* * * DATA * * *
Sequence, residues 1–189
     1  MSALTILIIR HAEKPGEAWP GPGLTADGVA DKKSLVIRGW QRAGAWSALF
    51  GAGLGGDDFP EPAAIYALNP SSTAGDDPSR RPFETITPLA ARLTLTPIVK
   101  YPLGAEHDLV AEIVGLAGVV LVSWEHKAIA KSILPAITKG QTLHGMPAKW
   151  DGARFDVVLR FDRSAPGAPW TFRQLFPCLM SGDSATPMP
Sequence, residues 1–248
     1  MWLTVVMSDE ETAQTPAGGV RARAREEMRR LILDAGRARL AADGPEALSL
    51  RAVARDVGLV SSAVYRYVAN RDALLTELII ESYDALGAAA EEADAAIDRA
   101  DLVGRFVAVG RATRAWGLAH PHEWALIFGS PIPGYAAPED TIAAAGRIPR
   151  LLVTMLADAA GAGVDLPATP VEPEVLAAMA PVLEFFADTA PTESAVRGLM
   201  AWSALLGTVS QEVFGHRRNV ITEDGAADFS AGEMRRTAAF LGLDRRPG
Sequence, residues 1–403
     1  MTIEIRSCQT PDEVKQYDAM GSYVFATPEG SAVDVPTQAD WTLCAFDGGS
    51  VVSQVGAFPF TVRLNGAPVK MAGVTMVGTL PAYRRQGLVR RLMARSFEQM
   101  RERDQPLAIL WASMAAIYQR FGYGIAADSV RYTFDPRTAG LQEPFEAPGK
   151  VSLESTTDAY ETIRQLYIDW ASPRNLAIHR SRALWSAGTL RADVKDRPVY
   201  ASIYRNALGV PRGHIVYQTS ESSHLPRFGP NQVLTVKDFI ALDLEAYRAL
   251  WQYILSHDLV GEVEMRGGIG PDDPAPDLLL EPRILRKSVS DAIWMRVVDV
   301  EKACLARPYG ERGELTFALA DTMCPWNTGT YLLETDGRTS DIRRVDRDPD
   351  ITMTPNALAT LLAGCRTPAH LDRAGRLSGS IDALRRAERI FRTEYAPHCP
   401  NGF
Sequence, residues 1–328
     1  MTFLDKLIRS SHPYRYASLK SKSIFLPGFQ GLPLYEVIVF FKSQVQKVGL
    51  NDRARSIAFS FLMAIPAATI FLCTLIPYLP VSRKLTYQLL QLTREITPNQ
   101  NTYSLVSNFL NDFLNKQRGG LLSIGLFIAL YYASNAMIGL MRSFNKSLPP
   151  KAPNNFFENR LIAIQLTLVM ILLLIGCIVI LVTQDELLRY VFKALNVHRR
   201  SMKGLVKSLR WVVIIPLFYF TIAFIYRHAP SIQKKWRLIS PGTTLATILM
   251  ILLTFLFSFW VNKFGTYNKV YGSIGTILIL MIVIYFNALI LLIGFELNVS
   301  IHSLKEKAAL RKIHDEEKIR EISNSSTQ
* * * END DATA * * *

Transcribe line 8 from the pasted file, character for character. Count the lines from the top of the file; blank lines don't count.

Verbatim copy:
    51  RAVARDVGLV SSAVYRYVAN RDALLTELII ESYDALGAAA EEADAAIDRA